Louis Marshall was an American corporate, constitutional and civil rights lawyer as well as a mediator and Jewish community leader who worked to secure religious, political, and cultural freedom for all minority groups. Among the founders of the American Jewish Committee, he defended Jewish and minority rights and, though not a Zionist, he supported the Balfour Declaration. He was also a conservationist, and the force behind re-establishing the New York State College of Forestry at Syracuse University, which evolved into today’s State University of New York College of Environmental Science and Forestry.
|Born:||Dec 14, 1856, Syracuse, New York, United States|
|Died:||Sept 11, 1929, Zurich, Switzerland|
|Education:||Columbia Law School|
|Children:||James Marshall, Ruth Marshall, Bob Marshall, George Marshall|
|Parent(s):||Jacob Marshall, Zilli Strauss|
About Louis Marshall
Notable as a founding member of the American Jewish Committee and a director of the National Association for the Advancement of Colored People, this civil rights attorney and activist is also remembered for representing convicted murderer Leo Frank in a United States Supreme Court appeal.
After apprenticing with attorney Nathaniel B. Smith, he studied briefly at Columbia University and began working for a Syracuse-based law firm.
A conservationist as well as an attorney and human rights advocate, Marshall helped establish the New York State College of Forestry.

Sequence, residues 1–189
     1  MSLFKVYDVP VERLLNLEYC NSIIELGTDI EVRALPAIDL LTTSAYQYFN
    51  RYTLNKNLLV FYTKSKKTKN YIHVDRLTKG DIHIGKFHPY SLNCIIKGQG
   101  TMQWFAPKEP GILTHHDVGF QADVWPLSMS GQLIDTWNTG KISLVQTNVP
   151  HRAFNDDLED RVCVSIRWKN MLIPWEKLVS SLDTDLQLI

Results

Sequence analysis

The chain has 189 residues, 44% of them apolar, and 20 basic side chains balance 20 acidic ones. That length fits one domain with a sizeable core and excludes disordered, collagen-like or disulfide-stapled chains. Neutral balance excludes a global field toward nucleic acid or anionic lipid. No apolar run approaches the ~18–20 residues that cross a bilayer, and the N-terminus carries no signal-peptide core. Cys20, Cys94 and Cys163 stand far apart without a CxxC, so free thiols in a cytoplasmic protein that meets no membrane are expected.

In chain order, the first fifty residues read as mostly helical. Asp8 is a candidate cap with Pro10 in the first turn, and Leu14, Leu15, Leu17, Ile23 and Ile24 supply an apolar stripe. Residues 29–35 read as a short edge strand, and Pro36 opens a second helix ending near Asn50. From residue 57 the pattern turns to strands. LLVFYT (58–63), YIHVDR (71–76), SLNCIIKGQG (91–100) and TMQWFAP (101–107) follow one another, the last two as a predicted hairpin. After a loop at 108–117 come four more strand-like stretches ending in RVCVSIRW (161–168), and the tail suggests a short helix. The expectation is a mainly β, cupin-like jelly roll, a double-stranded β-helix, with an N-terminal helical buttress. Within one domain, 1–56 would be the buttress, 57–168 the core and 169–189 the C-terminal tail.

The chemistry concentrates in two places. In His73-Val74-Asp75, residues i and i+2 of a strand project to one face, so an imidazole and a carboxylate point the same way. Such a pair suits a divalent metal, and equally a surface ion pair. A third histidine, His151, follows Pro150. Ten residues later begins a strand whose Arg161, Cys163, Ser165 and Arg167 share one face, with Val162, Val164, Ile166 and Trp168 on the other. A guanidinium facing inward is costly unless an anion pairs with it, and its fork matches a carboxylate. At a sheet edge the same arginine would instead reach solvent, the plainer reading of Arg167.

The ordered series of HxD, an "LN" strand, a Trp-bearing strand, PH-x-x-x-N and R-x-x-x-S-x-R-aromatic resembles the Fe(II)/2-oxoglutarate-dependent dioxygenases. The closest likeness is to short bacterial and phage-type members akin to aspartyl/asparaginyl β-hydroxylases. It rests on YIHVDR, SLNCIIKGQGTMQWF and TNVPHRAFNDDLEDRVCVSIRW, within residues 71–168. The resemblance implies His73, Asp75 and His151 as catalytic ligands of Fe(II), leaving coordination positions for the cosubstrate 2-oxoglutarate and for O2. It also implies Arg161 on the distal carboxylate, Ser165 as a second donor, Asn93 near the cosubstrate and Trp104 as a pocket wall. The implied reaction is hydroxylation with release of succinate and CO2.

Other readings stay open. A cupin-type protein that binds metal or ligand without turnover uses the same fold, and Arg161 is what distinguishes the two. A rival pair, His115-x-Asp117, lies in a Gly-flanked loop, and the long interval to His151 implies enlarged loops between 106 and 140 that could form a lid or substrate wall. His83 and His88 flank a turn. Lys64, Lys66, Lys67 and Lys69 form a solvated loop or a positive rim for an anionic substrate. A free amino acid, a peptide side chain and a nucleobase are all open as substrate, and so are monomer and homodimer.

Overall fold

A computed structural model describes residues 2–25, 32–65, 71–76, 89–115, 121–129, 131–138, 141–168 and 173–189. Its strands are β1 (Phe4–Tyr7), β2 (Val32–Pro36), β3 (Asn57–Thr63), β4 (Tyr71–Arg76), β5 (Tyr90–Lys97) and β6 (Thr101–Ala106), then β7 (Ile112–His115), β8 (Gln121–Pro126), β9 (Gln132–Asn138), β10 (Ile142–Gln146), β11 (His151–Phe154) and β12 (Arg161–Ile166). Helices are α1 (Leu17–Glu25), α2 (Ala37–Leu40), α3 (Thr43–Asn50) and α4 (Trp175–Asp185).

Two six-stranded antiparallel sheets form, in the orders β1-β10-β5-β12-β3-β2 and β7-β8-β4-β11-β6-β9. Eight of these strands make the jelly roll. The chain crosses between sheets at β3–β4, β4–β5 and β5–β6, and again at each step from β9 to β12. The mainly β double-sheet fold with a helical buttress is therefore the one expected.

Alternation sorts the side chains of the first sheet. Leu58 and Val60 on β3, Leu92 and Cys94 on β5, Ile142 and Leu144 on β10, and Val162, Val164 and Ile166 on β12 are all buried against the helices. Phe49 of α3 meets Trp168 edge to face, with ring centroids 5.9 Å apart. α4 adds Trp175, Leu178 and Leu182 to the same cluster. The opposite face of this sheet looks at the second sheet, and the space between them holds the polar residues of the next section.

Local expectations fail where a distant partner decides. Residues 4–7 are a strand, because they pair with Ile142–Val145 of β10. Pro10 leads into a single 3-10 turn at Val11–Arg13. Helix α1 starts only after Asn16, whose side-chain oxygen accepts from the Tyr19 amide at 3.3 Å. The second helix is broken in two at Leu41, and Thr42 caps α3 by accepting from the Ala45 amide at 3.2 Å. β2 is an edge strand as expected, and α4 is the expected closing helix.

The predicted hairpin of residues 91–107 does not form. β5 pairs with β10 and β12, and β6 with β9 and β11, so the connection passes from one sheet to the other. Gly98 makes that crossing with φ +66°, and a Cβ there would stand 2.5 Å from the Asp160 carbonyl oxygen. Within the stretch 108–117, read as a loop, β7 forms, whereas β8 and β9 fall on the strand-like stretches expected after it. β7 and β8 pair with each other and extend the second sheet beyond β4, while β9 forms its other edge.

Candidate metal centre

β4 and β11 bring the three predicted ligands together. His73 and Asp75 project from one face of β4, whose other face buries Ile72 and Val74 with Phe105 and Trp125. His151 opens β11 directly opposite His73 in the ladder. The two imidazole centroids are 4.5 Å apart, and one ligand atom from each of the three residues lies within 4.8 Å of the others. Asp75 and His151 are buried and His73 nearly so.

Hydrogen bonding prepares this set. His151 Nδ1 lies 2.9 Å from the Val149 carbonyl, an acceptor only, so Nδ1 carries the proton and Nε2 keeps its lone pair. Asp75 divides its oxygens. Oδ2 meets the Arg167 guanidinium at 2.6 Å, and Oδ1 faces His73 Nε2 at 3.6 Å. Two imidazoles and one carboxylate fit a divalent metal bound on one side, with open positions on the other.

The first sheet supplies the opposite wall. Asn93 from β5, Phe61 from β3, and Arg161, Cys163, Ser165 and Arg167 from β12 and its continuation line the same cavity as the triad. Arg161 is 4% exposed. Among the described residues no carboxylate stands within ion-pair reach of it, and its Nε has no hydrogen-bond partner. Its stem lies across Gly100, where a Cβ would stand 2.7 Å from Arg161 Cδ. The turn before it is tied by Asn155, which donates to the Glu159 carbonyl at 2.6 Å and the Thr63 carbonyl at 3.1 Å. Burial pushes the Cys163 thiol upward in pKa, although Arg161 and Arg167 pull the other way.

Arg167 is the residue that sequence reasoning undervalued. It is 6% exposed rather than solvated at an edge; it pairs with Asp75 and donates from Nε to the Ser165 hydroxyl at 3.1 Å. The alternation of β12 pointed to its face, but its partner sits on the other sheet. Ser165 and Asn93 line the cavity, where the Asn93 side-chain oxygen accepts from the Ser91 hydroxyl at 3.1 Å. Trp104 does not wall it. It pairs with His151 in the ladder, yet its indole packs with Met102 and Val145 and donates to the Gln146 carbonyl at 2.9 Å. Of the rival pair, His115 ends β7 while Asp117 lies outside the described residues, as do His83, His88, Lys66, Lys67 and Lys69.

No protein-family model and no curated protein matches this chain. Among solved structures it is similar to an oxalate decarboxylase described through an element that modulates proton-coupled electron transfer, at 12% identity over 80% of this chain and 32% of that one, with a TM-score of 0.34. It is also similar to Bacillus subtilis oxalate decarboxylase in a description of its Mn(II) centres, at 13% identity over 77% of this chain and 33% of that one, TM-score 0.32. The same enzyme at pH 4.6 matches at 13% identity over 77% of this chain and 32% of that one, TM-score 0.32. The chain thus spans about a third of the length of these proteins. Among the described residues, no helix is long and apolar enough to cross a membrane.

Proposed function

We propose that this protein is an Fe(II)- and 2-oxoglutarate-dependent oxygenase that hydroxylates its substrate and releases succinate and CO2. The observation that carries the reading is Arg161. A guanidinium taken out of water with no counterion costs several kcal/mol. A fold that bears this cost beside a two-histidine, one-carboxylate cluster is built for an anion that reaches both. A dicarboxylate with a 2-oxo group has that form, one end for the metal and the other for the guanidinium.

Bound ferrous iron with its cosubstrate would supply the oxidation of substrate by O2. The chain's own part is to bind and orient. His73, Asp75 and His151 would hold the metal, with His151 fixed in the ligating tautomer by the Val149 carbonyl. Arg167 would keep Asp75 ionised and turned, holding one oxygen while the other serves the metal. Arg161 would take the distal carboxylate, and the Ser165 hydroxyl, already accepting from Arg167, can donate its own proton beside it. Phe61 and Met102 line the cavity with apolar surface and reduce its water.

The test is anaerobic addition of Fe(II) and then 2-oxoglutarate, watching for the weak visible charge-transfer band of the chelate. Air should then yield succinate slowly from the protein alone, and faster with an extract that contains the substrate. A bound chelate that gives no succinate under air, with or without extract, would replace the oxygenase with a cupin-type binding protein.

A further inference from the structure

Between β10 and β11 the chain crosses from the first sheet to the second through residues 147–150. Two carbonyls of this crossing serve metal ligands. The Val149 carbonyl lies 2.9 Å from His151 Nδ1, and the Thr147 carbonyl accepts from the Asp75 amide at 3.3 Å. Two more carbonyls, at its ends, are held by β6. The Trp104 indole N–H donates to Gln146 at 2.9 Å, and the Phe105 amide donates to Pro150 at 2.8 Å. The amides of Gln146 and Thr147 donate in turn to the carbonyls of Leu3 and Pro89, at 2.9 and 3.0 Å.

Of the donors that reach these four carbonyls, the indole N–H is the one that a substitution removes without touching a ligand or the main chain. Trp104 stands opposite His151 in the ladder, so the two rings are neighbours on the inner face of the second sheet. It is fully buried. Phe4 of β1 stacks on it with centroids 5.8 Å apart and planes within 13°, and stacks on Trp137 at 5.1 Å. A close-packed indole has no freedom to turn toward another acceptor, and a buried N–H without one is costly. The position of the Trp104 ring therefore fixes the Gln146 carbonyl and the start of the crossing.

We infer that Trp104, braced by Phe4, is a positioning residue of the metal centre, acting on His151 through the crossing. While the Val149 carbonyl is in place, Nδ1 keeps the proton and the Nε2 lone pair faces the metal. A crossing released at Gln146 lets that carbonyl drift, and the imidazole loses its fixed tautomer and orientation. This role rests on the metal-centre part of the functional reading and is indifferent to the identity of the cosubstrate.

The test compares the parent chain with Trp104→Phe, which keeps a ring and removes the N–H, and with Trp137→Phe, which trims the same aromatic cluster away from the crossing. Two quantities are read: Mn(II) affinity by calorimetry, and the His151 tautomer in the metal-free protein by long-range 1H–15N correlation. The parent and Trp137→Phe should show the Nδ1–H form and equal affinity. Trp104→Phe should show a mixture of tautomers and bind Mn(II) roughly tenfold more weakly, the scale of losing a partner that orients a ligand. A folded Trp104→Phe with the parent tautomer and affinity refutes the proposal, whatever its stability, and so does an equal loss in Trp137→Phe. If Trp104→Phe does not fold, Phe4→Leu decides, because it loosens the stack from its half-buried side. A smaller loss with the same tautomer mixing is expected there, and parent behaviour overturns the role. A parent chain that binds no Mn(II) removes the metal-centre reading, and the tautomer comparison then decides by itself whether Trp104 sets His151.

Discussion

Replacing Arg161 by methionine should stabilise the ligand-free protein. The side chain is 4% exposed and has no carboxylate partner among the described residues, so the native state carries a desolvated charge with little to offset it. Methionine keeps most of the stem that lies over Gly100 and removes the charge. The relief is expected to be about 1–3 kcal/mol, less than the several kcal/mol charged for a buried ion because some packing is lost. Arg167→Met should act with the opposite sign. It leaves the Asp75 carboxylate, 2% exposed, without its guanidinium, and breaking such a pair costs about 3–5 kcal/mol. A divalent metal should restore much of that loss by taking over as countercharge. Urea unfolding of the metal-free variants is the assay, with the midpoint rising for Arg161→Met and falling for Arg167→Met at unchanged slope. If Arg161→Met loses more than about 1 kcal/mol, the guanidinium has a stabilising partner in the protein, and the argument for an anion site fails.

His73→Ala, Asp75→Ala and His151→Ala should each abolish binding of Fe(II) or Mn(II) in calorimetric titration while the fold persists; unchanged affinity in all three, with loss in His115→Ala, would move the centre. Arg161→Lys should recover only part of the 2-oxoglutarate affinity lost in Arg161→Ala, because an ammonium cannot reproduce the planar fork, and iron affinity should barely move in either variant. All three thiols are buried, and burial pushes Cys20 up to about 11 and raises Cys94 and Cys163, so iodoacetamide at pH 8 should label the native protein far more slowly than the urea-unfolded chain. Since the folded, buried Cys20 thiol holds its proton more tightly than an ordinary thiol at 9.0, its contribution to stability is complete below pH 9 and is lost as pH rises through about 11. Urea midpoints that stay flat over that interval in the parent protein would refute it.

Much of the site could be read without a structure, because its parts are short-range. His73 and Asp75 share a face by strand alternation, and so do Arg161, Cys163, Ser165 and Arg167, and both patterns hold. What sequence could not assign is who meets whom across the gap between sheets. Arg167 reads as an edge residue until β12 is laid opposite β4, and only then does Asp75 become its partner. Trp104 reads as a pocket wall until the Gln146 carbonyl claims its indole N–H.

The child of German-Jewish immigrants, he grew up in Syracuse, New York. His marriage to Florence Lowenstein resulted in children named James, Ruth, Bob, and George.
His son, Bob Marshall, had a prominent career as a conservationist and author.
Information related to Louis Marshall
- People v. the Brooklyn Cooperage Company – People v. the Brooklyn Cooperage Company was a key early conservation legal battle concerning forestry and logging practices in the Adirondack Park. The case involved the State of New York, Cornell University, constitutional lawyer Louis Marshall, and others in the first decade of the 20th century.
- American Jewish Committee
- State University of New York College of Environmental Science and Forestry
- Burials at Salem Fields Cemetery, Brooklyn
- Jewish Theological Seminary of America people
- Syracuse University trustees
- New York State College of Forestry
- American Reform Jews
- American religious leaders
- American conservationists
- American lobbyists
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